175. Impact of an Antimicrobial Stewardship Program at the University of Minnesota Medical Center,The First 4 Years, 2007-2010
Session: Poster Abstract Session: Antibiotic Stewardship
Friday, October 21, 2011
Room: Poster Hall B1
Background: Jan 2007 we began a new Antimicrobial Management Team (AMT) at the University of Minnesota Medical Center and U of M Children’s Hospital, Fairview (UMMC/UMCH), University Campus, a 300 bed tertiary care facility.

Methods:  The AMT program allows providers to order restricted antibiotics, per hospital guidelines, without upfront approval. A chart review is done the following day, M-F, by a dedicated Pharm D and a M.D. with ID expertise. Recommendations are placed in the electronic medical record as an AMT note. Verbal recommendations may also be made. The old restricted antibiotic program required the prescriber to get pre-approval to use a restricted antibiotic from the on call ID doctor. Despite this we saw inappropriate utilization and increasing costs.

Results:  Cost saving for the first two years of the AMT were $732,758. AMT Interventions: There were 8015 interventions/recommendation in the first 42 months, 4911 (61.3%) were accepted, 1392 (17.4%) agreed with management, 1712 (21.4%) of the recommendations were declined. From 2006-2008 antimicrobial doses/patient day declined by 7%, antibiotics costs declined by $7.40/patient day, average number of antibiotics per adult patient declined from 2.34 to 2.39 (2.1%) and from 2.98 to 2.37 (20.5%) per pediatric patient. UHC data 2006-2009 showed no significant change in LOS and mortality index. The numbers of patients with hospital acquisition (HA) of VRE, MRSA, and ESBLs did not decline from 2006 to 2009. There was a downward trend in HA Clostridium difficile diarrhea from Jan. 2007 to Feb. 2010.  From 2009 to 2010 a decrease was seen in HA VRE infections from 0.5 to 0.3/1000 patient days and in HA MRSA infections from 0.2 to 0.1/1000 patient days. During 2009-2010 new infection prevention practices were also put in place including environmental cleaning with microfiber clothes, daily bed bathes with chlorhexidine gluconate (CHG) clothes in high risk patients and CHG patch at central line sites.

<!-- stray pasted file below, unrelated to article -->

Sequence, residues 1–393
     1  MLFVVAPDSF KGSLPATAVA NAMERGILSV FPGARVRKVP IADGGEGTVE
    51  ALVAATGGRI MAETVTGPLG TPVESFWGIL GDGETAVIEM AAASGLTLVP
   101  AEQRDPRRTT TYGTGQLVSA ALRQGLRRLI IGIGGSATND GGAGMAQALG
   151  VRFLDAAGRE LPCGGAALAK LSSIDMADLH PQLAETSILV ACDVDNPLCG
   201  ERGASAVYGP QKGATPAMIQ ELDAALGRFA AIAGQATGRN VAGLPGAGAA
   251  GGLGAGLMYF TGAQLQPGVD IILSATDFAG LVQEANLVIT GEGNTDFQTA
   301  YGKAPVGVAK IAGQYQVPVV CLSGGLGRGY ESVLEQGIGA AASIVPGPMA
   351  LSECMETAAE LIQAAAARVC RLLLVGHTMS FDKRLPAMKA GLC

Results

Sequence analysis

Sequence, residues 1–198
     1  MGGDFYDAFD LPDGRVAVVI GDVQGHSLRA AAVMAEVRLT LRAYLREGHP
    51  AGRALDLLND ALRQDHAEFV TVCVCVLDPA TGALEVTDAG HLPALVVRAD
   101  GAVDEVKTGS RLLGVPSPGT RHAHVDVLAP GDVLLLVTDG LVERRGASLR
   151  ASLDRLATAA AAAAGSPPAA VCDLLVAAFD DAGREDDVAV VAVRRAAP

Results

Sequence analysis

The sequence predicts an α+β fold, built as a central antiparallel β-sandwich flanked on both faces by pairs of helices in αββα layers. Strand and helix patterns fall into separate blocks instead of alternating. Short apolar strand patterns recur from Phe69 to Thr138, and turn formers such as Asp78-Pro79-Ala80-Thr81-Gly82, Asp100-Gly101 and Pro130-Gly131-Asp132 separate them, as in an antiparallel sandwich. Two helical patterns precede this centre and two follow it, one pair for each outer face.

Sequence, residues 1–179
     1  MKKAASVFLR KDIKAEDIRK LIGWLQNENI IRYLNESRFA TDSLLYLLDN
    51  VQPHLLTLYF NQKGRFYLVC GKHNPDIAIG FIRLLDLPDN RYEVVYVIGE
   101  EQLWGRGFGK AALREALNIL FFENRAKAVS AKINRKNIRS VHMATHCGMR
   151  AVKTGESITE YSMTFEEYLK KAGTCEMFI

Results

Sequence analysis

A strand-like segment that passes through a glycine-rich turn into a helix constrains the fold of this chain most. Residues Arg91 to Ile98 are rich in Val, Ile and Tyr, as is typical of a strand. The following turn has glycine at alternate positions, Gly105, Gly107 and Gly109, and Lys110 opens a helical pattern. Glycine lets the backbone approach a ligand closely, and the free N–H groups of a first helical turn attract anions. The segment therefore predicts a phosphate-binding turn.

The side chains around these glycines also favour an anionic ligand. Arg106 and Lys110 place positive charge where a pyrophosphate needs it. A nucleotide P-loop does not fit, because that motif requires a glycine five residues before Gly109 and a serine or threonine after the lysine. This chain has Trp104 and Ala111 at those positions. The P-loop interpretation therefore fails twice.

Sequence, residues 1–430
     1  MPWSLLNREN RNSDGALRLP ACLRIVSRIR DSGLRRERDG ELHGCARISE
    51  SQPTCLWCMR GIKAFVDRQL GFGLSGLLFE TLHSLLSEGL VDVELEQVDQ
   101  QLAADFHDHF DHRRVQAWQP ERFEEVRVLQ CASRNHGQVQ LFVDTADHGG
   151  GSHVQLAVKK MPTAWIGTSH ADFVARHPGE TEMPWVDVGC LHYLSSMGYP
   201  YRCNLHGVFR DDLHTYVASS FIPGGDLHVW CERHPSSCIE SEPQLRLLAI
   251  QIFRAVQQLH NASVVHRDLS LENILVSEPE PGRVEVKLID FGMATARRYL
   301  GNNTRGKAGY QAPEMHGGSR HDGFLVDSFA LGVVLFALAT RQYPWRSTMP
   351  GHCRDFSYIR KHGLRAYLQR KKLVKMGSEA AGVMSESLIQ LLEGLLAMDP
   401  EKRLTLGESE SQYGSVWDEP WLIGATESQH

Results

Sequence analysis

Conclusion: The AMT was able to reduce antibiotic use and antibiotic costs per patient day. Quality of care was not adversely affected. At the end of the four year period there was a decrease seen in HA MRSA and VRE infections. The effects of the AMT and the Infection Prevention Department appear to be synergistic.

 


Subject Category: A. Antimicrobial agents and Resistance

Susan Kline, MD, MPH1, Kimberly Boeser, Pharm D2, Christine Hendrickson, RN, BSHA3, Anita Guelcher, RN, BSN3, Peggy Bonnell, RN, BSN3, Teresa Rakoczy, RN, BSN3 and Pamela Phelps, Pharm D2, (1)ID Division, Univ of MN, Minneapolis, MN, (2)Pharmacy, University of Minnesota Medical Center , Fairview and University of Minnesota Amplatz Children's Hospital, Minneapolis, MN, (3)Infection Prevention, University of Minnesota Medical Center , Fairview and University of Minnesota Amplatz Children's Hospital, Minneapolis, MN

Disclosures:

S. Kline, None

K. Boeser, None

C. Hendrickson, None

A. Guelcher, None

P. Bonnell, None

T. Rakoczy, None

P. Phelps, None

Findings in the abstracts are embargoed until 12:01 a.m. EST Thursday, Oct. 20 with the exception of research findings presented at IDSA press conferences.